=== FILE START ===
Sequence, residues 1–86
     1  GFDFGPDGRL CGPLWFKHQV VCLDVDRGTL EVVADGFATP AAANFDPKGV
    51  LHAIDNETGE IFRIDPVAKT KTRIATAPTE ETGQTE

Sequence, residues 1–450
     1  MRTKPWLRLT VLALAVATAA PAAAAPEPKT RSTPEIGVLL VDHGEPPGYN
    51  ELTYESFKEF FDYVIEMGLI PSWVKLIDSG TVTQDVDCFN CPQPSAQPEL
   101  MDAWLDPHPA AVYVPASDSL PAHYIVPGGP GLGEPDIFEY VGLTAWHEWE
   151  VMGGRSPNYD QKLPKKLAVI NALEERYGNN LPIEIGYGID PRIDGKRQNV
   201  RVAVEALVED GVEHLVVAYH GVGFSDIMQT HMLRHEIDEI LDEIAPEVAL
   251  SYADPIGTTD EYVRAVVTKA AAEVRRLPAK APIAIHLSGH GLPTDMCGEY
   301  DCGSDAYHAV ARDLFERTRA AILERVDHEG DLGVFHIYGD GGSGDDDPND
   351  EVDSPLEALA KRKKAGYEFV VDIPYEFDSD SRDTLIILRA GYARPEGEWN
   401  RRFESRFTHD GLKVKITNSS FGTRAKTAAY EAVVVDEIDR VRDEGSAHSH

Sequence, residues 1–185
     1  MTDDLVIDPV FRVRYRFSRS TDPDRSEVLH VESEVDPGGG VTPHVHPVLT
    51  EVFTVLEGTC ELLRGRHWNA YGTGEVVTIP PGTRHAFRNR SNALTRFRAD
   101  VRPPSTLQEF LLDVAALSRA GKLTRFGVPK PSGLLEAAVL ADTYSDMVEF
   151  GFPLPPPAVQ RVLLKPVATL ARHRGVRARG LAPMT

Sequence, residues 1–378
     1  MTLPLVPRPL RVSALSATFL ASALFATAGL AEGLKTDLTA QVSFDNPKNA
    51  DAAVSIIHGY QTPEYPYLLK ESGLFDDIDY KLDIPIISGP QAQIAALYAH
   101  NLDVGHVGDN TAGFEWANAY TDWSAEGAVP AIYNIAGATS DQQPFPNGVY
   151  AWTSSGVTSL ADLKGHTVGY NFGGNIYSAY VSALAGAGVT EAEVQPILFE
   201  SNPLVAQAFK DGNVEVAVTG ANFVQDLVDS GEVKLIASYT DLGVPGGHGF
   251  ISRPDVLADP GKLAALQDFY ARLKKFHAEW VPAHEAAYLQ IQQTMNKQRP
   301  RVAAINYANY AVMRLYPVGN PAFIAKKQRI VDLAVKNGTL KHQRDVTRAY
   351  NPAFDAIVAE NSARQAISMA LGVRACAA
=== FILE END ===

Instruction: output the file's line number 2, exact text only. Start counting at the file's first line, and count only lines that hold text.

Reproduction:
     1  GFDFGPDGRL CGPLWFKHQV VCLDVDRGTL EVVADGFATP AAANFDPKGV